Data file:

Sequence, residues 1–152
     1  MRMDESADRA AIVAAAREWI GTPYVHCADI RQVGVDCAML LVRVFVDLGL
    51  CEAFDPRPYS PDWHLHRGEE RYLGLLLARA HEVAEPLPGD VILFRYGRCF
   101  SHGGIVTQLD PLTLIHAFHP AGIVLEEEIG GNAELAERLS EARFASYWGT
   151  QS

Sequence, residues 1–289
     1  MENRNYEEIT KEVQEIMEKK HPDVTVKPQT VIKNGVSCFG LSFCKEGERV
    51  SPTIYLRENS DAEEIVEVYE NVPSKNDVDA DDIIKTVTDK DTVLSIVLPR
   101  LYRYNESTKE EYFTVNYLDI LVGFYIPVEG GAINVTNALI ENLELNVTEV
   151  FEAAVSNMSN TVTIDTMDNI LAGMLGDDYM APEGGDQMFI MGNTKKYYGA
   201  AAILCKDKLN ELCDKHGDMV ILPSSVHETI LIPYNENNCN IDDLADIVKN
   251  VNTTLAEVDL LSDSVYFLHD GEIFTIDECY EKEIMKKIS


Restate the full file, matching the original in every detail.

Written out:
Sequence, residues 1–152
     1  MRMDESADRA AIVAAAREWI GTPYVHCADI RQVGVDCAML LVRVFVDLGL
    51  CEAFDPRPYS PDWHLHRGEE RYLGLLLARA HEVAEPLPGD VILFRYGRCF
   101  SHGGIVTQLD PLTLIHAFHP AGIVLEEEIG GNAELAERLS EARFASYWGT
   151  QS

Sequence, residues 1–289
     1  MENRNYEEIT KEVQEIMEKK HPDVTVKPQT VIKNGVSCFG LSFCKEGERV
    51  SPTIYLRENS DAEEIVEVYE NVPSKNDVDA DDIIKTVTDK DTVLSIVLPR
   101  LYRYNESTKE EYFTVNYLDI LVGFYIPVEG GAINVTNALI ENLELNVTEV
   151  FEAAVSNMSN TVTIDTMDNI LAGMLGDDYM APEGGDQMFI MGNTKKYYGA
   201  AAILCKDKLN ELCDKHGDMV ILPSSVHETI LIPYNENNCN IDDLADIVKN
   251  VNTTLAEVDL LSDSVYFLHD GEIFTIDECY EKEIMKKIS